Here's his whole statement: "The truth of the matter is that, as I said, we've created 4.3 million jobs over the last 27 months, over 800,000 just this year alone. The private sector is doing fine. Where we're seeing weaknesses in our economy have to do with state and local government, cuts initiated by governors and mayors who are not seeing the kind of help that they have in the past from the federal government and who don't have the same kind of flexibility as the federal government in dealing with fewer revenues coming in."
Does the complete statement sound like Obama is out of touch? No, he's absolutely right in saying the private sector is doing "fine" when compared with the government sector in creating jobs, which doesn't mean anyone should be satisfied with the employment figures on either front.
While Obama noted that 4.3 million private-sector jobs have been created since February 2010 — or only 3.1 million, if you count from the end of the recession — the government sector, in comparison, has lost more than 650,000 jobs. That's an unacceptable drag on the economy.
The number of state and local government jobs as a percentage of the nation's population has dropped in 37 of the last 40 months. And by some estimates, the current unemployment rate of about 8.2 percent would be closer to 7 percent if jobs in the government sector had grown like those in the private sector.
It's too bad that once again a presidential campaign has been reduced to a game of table tennis in which the candidates volley with sound bites. But if that's the case, people should be more disturbed by Republican presidential candidate Mitt Romney's retort to Obama's saying the "private sector is doing fine."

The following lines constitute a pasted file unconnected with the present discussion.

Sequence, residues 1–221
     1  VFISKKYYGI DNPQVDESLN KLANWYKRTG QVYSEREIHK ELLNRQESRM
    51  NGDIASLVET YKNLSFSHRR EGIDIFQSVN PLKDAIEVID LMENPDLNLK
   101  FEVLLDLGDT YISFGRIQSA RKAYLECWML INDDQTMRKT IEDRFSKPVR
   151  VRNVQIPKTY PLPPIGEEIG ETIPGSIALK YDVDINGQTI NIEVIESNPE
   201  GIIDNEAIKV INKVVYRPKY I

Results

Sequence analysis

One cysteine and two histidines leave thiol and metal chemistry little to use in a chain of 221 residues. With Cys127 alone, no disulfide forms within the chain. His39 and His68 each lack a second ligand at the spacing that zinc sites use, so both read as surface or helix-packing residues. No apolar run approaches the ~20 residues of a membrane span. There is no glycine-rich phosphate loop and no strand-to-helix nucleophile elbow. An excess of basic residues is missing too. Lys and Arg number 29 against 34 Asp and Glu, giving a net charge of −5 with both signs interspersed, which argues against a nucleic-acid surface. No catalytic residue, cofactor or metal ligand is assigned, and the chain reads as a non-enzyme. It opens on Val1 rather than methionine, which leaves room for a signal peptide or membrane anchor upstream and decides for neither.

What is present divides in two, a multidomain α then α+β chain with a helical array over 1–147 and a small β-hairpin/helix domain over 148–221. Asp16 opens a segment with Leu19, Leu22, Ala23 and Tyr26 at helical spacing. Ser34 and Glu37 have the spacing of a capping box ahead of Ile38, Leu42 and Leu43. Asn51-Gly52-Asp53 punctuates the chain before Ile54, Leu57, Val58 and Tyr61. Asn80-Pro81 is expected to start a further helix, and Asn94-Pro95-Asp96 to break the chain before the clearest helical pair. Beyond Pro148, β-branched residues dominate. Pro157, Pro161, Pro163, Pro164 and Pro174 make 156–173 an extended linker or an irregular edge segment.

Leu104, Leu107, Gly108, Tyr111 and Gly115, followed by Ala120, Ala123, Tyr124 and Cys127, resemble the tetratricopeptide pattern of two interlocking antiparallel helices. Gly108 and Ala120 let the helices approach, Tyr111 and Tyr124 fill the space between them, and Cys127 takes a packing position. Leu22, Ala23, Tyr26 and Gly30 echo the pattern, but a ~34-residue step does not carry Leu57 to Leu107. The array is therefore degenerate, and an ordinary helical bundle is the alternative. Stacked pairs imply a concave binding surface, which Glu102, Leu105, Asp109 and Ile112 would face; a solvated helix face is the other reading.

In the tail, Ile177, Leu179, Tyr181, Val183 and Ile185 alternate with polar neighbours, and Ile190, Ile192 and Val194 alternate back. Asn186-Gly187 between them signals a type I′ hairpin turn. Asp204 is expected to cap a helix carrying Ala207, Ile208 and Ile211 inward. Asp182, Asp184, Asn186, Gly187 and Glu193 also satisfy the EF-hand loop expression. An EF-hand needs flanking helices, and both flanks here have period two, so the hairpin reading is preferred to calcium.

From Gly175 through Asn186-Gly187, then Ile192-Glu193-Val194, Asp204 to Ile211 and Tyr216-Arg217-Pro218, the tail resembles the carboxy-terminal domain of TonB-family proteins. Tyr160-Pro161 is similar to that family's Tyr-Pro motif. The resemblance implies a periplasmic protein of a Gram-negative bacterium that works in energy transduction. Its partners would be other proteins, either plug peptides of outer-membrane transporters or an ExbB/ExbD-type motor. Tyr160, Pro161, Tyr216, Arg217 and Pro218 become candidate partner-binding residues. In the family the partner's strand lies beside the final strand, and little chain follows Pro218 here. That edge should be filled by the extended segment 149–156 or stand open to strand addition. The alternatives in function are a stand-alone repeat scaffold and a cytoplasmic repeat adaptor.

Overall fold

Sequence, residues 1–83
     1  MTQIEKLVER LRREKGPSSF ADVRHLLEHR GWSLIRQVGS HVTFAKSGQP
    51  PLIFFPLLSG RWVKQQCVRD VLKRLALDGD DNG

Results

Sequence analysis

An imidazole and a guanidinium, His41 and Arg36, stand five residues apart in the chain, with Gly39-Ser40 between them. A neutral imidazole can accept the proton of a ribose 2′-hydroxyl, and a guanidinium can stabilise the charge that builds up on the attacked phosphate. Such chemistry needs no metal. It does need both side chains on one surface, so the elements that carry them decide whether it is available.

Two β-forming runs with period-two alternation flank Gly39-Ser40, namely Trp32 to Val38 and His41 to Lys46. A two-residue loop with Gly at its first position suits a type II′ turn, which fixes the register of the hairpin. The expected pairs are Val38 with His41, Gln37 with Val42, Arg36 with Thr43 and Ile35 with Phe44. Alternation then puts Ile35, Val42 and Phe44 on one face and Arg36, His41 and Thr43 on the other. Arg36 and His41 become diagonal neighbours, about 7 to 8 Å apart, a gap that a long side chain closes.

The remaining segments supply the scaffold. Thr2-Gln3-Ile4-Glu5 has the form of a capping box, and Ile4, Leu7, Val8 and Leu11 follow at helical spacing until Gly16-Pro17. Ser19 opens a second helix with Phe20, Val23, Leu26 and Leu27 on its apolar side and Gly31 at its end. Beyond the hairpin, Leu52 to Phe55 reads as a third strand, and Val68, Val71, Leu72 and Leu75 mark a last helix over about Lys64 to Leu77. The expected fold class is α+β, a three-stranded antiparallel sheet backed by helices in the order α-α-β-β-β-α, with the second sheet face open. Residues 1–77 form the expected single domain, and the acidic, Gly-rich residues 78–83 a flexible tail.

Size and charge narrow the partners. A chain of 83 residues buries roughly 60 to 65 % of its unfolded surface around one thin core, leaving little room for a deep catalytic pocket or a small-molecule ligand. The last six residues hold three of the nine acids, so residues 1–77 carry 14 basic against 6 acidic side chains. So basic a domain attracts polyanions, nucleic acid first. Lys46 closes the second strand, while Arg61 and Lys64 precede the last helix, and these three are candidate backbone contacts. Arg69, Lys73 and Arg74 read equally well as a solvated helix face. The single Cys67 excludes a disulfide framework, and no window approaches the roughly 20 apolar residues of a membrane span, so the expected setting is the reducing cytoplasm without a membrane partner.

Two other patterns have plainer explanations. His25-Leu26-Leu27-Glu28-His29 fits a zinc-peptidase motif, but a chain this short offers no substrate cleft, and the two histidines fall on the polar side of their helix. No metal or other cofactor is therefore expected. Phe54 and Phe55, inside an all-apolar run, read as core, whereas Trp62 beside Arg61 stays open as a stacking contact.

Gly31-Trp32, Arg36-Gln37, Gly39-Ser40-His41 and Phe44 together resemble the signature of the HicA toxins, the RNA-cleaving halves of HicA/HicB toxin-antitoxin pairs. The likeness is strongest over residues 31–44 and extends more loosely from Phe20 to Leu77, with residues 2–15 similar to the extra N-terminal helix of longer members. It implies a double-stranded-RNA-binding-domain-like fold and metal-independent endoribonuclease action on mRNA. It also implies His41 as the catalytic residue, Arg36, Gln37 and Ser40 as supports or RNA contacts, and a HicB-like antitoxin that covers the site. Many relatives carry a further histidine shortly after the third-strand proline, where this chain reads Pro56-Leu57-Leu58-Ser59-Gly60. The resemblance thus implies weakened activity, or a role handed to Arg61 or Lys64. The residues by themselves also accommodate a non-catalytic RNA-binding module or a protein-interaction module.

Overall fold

"He wants to add more to government. He wants another stimulus. He wants to hire more government workers. He says we need more firemen, more policemen, more teachers. Did he not get the message of Wisconsin? The American people did. It's time for us to cut back on government and help the American people," said Romney.
Since when did firemen, policemen, and teachers stop being Americans? Since when did it stop hurting towns across America when their laid-off firemen, policemen, and teachers couldn't pay their bills or taxes? That's not to say Romney was wrong about Wisconsin's showing the need to cut some government-employee benefits. But to suggest that government job losses don't hurt the economy is ludicrous.
The modest growth in private-sector jobs is a far cry from where it needs to be. But that growth has to be placed in context by comparing it not only with the continuing job losses in the government sector, but also with the pre-recession profit margins being enjoyed by some companies that prefer sitting on their cash to hiring.